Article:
24.03.18 – 17.06.18, 10.00-17.00
Preview - 23.03.18, 19:00 – 21:00
Käthe Kollwitz (1867-1945) was one of the leading artists of the late nineteenth and early twentieth centuries, notable for the emotional power of her drawing, printmaking and sculpture.
She lived an intensely examined life,
expressed in her numerous selfportraits, diaries and correspondence; at the core of this existence was her work as an artist and a mastery of graphic art which quickly established her reputation in Germany, then further afield as her influence spread internationally after the First World War.
Kollwitz's unique artistic talent, her technical prowess and intelligence, and above all her humanity, can be seen in this exhibition. There is much about the life and work of Kollwitz that instils hope, that is inspiring and life affirming, despite the burden of hardship and sorrow carried by so many of her figures and by herself. Her emphasis was often on what was distinctive about women's experience, including the fundamental nature and potency of maternal love. She believed that art could be a force for good in society.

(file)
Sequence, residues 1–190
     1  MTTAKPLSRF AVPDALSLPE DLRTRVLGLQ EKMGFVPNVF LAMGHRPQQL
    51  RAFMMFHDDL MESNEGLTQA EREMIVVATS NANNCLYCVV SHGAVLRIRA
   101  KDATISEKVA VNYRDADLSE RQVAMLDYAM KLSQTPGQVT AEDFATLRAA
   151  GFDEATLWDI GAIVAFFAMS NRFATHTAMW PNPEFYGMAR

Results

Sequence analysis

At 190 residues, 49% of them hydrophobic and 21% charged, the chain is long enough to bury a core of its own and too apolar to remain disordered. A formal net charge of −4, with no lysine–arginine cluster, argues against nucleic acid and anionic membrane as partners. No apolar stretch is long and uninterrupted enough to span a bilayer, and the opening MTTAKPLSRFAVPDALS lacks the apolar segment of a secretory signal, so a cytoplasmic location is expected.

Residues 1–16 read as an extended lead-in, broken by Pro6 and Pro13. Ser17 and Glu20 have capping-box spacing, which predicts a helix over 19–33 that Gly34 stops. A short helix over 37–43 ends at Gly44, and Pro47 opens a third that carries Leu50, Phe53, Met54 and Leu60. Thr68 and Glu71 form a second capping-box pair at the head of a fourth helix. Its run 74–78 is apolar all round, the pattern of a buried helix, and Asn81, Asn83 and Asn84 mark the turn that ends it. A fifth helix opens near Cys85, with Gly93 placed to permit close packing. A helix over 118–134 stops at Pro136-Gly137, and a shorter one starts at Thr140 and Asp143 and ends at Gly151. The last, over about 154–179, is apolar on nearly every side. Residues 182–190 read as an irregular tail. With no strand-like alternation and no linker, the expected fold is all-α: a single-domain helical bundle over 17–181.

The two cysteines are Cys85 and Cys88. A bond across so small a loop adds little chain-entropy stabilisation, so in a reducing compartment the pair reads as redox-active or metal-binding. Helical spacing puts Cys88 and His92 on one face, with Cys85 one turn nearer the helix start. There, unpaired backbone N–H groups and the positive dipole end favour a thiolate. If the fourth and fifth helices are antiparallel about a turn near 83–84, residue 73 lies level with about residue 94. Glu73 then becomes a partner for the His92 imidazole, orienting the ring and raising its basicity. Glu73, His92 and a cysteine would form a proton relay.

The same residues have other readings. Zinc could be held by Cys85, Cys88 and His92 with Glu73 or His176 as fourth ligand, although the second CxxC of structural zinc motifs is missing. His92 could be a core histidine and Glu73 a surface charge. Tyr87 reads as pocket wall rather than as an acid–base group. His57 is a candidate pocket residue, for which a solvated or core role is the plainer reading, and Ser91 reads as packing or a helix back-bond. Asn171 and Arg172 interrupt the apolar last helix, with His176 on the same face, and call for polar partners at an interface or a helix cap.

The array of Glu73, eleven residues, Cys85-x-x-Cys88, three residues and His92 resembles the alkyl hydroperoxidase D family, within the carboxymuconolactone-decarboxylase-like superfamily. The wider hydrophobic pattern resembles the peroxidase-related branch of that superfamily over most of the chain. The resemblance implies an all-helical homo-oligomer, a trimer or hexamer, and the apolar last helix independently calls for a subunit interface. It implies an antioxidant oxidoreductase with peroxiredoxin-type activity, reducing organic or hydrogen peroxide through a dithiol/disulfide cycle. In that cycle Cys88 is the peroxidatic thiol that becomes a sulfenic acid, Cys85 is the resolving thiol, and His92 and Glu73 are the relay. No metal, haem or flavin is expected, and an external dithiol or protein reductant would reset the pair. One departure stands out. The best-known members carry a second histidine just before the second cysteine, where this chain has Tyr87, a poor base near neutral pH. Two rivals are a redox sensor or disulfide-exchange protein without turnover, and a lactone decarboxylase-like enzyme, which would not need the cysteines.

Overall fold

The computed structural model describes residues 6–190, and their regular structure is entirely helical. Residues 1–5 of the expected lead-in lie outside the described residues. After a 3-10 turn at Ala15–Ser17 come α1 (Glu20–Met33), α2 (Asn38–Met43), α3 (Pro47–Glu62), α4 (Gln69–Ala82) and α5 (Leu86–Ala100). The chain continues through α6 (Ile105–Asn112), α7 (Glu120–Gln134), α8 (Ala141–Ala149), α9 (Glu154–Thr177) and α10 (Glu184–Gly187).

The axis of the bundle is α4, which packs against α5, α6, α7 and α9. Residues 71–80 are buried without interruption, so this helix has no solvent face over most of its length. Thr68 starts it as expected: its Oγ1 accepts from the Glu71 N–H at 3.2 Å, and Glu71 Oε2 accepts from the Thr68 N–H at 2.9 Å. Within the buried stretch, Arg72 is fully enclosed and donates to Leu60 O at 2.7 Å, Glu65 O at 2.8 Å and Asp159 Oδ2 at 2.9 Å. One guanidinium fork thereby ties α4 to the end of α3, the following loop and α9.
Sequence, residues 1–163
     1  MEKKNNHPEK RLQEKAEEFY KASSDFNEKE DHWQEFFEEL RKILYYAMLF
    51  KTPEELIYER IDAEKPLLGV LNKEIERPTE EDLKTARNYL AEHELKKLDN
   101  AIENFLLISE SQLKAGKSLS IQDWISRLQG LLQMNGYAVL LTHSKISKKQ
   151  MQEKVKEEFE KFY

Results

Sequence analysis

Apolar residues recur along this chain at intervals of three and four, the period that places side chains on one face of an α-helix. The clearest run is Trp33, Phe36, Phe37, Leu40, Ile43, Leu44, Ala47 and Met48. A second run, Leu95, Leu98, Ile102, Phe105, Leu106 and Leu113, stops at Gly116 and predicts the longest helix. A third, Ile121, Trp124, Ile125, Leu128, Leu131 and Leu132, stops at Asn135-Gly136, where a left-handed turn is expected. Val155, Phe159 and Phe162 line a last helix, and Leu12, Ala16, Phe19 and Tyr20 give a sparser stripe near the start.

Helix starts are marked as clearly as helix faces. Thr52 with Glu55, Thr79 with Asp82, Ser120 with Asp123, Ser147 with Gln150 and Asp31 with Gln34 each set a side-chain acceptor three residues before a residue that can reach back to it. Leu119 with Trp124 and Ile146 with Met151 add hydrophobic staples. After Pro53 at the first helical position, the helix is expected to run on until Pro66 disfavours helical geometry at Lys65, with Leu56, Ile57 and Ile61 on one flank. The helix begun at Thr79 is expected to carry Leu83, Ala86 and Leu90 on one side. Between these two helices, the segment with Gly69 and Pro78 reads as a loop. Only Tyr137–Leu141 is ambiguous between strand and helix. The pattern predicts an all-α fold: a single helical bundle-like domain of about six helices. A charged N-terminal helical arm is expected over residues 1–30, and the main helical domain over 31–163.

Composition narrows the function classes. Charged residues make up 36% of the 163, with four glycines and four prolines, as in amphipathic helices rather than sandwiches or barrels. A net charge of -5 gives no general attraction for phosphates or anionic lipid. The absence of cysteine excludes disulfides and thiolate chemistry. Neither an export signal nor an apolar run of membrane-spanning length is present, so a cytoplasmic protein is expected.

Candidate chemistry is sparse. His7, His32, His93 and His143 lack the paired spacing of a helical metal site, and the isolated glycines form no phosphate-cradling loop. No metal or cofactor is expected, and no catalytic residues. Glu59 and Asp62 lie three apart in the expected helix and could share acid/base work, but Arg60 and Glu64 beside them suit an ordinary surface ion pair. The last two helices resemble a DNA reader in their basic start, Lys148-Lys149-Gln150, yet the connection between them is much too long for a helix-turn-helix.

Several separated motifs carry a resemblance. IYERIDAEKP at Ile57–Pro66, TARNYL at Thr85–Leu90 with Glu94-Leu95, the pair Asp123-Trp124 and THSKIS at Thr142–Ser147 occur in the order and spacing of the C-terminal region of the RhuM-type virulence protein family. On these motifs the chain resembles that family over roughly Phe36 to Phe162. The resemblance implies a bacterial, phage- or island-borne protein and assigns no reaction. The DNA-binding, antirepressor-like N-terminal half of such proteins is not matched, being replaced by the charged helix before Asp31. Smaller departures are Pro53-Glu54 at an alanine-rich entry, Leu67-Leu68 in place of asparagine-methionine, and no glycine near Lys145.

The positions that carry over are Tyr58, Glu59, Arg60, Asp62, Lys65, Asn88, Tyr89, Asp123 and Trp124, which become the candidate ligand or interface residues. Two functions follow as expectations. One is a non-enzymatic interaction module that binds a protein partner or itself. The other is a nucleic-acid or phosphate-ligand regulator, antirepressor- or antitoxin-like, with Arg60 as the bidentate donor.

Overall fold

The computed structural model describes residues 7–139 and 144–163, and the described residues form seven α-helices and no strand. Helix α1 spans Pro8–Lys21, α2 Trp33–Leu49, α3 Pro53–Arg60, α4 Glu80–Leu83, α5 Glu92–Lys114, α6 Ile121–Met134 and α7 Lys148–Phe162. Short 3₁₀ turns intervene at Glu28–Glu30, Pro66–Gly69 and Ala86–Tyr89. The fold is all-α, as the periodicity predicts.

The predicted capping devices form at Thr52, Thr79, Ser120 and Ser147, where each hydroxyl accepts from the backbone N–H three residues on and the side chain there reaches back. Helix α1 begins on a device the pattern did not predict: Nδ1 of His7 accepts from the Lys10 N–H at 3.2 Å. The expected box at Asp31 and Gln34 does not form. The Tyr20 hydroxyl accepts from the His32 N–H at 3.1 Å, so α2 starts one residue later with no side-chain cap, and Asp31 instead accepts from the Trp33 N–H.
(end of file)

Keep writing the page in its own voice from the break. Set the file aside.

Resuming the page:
The exhibition is organised in partnership between Ikon and the British Museum and is generously supported by the Dorset Foundation. It is accompanied by a fully illustrated publication.
Image: Käthe Kollwitz (1867-1945), Self-portrait with hand against cheek (before July 1906) © The Trustees of the British Museum